Capt Craig Freeman

Using Work-Sample Physical Ability Tests to Maintain Fitness Standards of Incumbent Firefighters

Daniel A. Biddle, Ph.D; CEO, Fire & Police Selection, Inc.
Stacy L. Bell, M.S.; Vice President, Fire & Police Selection, Inc.

In 2000, the National Fire Protection Agency made a bold but profound statement: “Overweight, out-of-shape fire fighters are an accident waiting to happen” (NFPA, 2000). While the statement can be supported by common sense alone, research data shows just how true this statement really is. For example, a 2005 study revealed that nearly 50% of all injuries to civilian firefighters in that year were a result of sprains, strains, and muscular pain—whereby overexertion is considered the primary causative factor (NIST, 2005). Additionally, over 59% of all on-duty firefighter fatalities in the United States in 2011 were caused by stress and/or overexertion which resulted in a heart attack (FEMA, 2011).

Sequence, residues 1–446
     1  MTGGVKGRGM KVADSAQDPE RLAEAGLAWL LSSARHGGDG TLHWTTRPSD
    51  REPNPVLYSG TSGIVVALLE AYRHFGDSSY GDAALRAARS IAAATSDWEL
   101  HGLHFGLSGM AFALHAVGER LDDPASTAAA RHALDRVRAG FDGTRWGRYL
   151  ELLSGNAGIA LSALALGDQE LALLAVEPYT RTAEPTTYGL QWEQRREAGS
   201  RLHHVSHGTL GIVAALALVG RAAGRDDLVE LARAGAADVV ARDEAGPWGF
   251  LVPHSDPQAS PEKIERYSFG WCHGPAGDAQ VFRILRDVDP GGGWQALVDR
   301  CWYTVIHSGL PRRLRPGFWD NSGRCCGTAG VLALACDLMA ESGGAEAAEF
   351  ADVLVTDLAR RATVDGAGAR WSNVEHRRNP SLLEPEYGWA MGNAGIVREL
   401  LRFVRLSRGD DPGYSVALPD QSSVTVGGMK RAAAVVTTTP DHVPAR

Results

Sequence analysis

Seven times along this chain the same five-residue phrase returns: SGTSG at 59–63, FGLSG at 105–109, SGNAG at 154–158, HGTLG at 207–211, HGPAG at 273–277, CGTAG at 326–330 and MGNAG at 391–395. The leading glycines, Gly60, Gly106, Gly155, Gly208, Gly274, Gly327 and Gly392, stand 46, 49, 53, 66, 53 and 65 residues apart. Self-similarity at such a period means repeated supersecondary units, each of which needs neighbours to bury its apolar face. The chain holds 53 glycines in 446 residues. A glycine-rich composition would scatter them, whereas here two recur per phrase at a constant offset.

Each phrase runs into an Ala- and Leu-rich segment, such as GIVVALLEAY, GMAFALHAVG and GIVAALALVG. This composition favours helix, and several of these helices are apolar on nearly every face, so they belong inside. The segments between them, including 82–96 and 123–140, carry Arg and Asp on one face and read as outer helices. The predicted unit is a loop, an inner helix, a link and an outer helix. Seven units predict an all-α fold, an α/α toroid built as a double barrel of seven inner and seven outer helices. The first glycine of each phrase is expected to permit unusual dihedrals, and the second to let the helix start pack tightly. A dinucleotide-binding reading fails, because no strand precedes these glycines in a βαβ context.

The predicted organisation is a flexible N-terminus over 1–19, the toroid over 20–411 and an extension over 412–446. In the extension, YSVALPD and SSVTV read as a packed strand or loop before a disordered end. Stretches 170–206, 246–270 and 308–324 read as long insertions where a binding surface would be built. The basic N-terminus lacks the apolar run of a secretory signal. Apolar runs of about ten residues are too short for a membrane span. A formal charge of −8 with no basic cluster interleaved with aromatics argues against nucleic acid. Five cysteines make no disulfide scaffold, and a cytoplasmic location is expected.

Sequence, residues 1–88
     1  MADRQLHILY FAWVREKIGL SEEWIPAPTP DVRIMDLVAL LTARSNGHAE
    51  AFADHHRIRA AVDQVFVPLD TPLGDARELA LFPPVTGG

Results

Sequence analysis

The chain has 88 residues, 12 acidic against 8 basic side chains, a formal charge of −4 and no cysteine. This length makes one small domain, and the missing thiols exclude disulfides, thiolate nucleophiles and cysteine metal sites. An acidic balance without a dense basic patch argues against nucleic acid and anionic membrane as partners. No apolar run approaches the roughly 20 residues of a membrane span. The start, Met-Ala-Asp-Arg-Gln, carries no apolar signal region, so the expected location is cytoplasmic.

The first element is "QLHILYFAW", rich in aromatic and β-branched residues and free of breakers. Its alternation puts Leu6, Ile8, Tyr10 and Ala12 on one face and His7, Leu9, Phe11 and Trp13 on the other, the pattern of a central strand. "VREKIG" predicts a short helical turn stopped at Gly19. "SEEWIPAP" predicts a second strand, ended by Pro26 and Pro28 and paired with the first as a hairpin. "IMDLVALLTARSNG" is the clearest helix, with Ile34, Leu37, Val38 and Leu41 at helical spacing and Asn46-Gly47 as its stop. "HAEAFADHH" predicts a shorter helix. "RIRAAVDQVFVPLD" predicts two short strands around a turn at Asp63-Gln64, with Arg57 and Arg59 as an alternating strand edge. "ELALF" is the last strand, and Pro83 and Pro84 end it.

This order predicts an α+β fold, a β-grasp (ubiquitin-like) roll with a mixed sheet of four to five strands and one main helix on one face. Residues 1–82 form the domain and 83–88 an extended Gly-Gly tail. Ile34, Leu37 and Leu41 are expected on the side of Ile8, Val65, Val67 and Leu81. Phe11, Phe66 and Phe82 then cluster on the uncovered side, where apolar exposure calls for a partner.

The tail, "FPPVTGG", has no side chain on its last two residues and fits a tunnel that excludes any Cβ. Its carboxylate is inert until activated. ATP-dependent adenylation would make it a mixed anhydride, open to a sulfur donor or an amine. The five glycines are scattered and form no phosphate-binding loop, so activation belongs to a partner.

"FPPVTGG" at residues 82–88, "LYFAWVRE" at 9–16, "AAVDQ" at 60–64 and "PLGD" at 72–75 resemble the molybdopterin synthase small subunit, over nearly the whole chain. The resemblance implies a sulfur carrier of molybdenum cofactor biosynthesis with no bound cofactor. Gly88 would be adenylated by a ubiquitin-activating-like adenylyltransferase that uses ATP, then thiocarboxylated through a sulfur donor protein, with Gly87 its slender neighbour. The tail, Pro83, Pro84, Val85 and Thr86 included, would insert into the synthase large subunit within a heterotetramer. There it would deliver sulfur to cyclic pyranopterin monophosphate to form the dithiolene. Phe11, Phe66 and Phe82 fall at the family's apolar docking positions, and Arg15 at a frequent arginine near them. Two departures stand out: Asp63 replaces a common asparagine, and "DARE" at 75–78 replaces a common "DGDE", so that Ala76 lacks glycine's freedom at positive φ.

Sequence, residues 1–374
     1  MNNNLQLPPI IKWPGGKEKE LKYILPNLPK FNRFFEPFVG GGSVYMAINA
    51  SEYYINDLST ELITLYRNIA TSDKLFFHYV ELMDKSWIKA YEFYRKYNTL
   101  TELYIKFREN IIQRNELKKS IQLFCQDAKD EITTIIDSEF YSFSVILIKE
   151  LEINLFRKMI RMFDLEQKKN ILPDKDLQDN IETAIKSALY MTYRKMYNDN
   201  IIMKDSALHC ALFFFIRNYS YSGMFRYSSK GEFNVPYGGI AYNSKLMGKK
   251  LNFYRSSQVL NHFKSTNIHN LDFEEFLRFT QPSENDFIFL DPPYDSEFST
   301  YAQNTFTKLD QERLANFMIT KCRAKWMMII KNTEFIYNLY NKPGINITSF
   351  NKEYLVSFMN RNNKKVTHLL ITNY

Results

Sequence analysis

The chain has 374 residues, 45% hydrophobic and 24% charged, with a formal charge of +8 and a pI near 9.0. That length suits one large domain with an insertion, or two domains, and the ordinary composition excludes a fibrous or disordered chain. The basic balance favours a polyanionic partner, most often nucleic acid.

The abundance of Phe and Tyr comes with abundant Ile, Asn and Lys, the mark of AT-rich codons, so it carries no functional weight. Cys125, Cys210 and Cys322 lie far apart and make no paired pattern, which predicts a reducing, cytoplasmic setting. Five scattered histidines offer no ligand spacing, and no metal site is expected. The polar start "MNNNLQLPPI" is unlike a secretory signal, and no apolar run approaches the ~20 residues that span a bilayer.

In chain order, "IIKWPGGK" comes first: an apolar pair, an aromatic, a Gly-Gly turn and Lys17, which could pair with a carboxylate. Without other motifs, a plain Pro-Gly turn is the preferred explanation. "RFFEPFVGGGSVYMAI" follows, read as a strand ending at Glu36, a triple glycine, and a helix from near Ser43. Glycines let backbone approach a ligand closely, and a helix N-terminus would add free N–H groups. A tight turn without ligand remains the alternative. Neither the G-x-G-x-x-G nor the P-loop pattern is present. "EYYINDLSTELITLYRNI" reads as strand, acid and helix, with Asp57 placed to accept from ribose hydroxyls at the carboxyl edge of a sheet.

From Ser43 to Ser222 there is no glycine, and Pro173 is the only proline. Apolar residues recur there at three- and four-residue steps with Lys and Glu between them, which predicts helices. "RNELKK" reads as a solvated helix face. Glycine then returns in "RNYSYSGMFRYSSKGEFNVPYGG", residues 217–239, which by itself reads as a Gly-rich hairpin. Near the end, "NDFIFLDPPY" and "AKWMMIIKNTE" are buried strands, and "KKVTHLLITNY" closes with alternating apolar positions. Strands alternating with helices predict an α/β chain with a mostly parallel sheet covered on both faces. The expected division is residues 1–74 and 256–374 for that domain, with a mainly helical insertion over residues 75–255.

Firefighters are charged with the serious responsibility of ensuring the safety of their crew and the public. Fire departments are motivated to reduce worker compensation claims, thereby reducing employment costs, which only constitutes some of the costs related to firefighter injuries. After tallying all of the costs related to firefighter injuries in 2002, NIST estimates the annual price to fall between $2.8 and $7.8 billion (NIST, 2005).

This background shows why many fire department executives are passionate about ensuring the high fitness levels of their active fire suppression personnel. While this may be the case, a national research survey of 185 chief-level fire officers1 revealed that only 25% of fire departments use physical ability tests (PATs) as annual maintenance standards for ensuring the fitness levels of their incumbent fire suppression personnel. This survey revealed that a much higher percentage (88%) use PATs for pre-screening firefighters. So, while fire departments seem intent on screening fit candidates into their departments, maintenance testing programs are not typically put into place to continually ensure the fitness level of incumbent fire personnel.


The complete report can be viewed here

Be Sociable, Share!
Be Sociable, Share!

Comments are closed.